The perfect ballot battle

In all the analysis of Ken’s downfall and Boris’s triumph, one element I hope doesn’t get ignored is the turnout. The RSA’s Matthew Taylor blogged on Friday suggesting it was the most interesting result of all, and I’m inclined to agree – although possibly for the opposite reason.
The London mayoral contest should have been the perfect electoral tussle. With all due respect to Paddick et al, it was always a two-horse race. Two instantly recognisable figures, well known by both broadsheet and tabloid readerships. A posh bloke versus a champion of the working class, neither of them ‘party men’. Plenty of real local issues to focus on. Plenty of media exposure too. A fairer electoral system, allowing you a ‘free vote’ for your first preference (with all the possibilities that offers) before casting your ‘proper’ second vote. And most importantly, an end result that was genuinely in the balance.
Yet it only stirred 45% of Londoners to bother to vote. Granted, this was up from previous years: 34% in 2000, and 37% in 2004. But it falls well, well short of the 70% we used to expect at general elections. And it means that, even taking both first and second preference votes into account, the winner only won the active support of 21.5% of the total electorate.
Of course we should be happy to see turnout rising. But it’s hard to imagine an election that could have been easier to ‘sell’ to the voters; and we only managed 45%. It’s not great, is it.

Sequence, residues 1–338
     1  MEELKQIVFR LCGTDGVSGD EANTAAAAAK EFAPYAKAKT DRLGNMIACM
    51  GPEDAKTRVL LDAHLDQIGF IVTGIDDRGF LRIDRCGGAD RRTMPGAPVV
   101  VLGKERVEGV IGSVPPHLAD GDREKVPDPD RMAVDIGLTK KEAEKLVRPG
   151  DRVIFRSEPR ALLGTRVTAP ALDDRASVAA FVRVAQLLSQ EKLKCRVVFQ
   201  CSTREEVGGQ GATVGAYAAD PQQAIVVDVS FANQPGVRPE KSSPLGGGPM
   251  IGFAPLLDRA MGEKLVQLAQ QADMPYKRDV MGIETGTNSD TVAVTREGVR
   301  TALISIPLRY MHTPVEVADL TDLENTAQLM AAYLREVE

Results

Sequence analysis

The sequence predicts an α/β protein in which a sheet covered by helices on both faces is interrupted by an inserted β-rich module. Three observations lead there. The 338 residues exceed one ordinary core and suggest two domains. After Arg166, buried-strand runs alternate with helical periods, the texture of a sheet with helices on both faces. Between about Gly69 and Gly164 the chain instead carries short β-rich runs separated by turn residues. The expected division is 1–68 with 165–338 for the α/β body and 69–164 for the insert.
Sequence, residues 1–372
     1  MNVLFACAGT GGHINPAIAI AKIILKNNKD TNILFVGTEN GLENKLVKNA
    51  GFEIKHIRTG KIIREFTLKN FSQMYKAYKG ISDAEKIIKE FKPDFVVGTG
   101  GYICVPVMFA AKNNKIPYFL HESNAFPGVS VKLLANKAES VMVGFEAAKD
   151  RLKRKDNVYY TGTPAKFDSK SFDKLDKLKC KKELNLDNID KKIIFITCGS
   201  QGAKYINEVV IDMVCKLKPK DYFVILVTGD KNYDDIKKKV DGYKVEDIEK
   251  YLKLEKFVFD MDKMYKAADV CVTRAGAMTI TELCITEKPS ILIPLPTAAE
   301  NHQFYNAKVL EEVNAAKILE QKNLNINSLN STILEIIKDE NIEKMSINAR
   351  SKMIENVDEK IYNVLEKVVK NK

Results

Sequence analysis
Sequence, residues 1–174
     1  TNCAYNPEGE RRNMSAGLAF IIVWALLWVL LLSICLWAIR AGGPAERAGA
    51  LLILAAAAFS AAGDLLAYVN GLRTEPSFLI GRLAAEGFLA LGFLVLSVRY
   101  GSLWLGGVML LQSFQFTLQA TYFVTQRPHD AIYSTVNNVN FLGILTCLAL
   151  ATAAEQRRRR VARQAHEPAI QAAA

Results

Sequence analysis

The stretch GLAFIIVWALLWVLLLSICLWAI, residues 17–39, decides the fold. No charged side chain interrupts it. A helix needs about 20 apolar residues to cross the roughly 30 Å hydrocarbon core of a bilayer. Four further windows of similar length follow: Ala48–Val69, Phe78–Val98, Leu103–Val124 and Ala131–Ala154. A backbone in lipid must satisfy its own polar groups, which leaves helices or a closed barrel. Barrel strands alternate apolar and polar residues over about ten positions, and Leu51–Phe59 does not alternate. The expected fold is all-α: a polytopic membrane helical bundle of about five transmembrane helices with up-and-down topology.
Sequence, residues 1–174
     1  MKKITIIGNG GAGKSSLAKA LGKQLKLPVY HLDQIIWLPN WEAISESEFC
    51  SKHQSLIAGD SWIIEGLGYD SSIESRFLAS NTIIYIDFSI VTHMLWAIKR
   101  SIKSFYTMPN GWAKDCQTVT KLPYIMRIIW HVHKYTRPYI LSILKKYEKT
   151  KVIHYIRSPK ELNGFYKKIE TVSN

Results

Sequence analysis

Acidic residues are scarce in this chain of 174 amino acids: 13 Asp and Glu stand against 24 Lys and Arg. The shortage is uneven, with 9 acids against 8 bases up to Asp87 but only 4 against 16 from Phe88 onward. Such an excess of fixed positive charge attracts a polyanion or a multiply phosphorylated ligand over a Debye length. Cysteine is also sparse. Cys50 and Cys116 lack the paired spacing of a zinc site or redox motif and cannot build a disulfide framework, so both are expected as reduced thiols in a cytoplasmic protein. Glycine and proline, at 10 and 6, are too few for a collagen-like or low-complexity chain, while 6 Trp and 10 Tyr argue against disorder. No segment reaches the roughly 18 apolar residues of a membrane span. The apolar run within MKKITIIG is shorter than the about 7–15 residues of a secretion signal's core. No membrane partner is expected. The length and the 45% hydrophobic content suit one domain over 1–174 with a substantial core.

PS: Interesting to see the Tories heavily promoting their Twitter account on the homepage. We knew it was official, but I guess this makes it a formal comms channel for them… although I note the promo goes for the ‘subscribe via SMS’ approach, watering down the commitment to Twitter a bit.

One thought on “The perfect ballot battle”

  1. I commented directly to Matthew on this, Simon, but to reiterate what I’ve blogged (yes, i’m a Ken supporter and yes, i’m bitter!) that if they’d done web well, learnt from Obama in particular, then that would have given them the votes to put Ken over the top. The margin wasn’t enormous and there’s plenty of ways they could have employed web campaigning strategies to find that margin. Frankly, i’m not hopeful. The Tories have such an edge now online, because they started earlier and took risks, and I’ve seen no indication anywhere that Labour will fully engage, that it just seems hopeless. Yes another reason for Cameron to be pleased.

Comments are closed.